Property

China New Home Prices Continue to Grow

China New Home Prices Continue to GrowAccording to the National Bureau of Statistics, national sales of commodity housing during the first quarter totaled 208.98 million square meters, up 41.2 percent compared with last year. Benefitted from the rising home prices, total sales value also shot up by 61.3 percent year-on-year to RMB 1,399.2 billion. In Beijing, total transaction volume of residential property during the first three months was up 80.7 percent year-onyear to over 3 million square meters, while the sales figure in Shanghai increased by over 40 percent to nearly 4 million square meters.

Supported by robust housing demand, home prices continued to soar across the country in March. Latest data from the Statistics Bureau revealed that a total of 68 tracked cities, out of 70, saw new home prices rising in March. Among which, Shanghai topped other first-tier cities with a 3.2 percent monthly increase, while Shenzhen, Beijing and Guangzhou followed with monthly increases of 2.8 percent, 2.7 percent and 2.5 percent, respectively. Compared with the same period past year, new home prices in Guangzhou witnessed the highest growth in March, up 11.1 percent year-on-year. Beijing seconded with an 8.6 percent yearly growth, while Shanghai posted a 6.4 percent increase.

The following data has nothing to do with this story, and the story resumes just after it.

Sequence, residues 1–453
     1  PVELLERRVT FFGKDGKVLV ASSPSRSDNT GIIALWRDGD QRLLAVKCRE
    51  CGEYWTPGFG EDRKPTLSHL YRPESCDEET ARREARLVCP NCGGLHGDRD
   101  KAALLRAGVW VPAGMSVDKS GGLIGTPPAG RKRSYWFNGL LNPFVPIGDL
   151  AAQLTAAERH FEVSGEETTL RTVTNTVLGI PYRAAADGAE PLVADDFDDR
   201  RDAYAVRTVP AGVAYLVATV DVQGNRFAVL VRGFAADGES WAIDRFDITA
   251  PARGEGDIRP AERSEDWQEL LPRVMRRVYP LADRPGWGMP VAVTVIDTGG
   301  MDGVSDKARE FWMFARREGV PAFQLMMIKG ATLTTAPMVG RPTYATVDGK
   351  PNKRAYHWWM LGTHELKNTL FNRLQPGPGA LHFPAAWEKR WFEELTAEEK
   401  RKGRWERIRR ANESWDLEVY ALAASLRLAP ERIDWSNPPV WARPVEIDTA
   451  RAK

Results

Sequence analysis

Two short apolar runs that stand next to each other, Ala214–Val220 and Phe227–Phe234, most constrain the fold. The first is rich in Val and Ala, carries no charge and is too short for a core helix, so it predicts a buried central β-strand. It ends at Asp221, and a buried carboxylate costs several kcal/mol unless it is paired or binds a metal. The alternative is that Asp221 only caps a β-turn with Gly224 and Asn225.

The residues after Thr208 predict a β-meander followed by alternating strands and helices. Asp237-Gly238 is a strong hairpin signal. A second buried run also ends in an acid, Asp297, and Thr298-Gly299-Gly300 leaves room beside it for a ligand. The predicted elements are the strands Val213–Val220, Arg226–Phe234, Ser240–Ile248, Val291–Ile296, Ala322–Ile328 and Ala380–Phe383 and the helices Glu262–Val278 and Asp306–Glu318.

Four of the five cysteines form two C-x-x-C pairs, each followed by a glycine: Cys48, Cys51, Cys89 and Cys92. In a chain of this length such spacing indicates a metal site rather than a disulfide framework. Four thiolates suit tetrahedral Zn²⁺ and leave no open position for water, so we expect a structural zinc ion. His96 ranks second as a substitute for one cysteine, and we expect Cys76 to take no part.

While the property market performed quite well over the first quarter, it was heavily driven by the temporary upsurge in housing demand.

Due to the traditional peak season after the Spring Festival holidays and the fears of new cooling measures from local governments, panic homebuyers were on a buying spree to snap up flats in March, in an attempt to avoid paying the coming 20 percent capital gains tax. We expect the buying spree to end in April when those new cooling measures take effect, and the growth in both home prices and transaction volume should then slow down. However, given that housing demand is still robust, especially in first-tier cities, a significant downward correction in home prices is unlikely in the near term.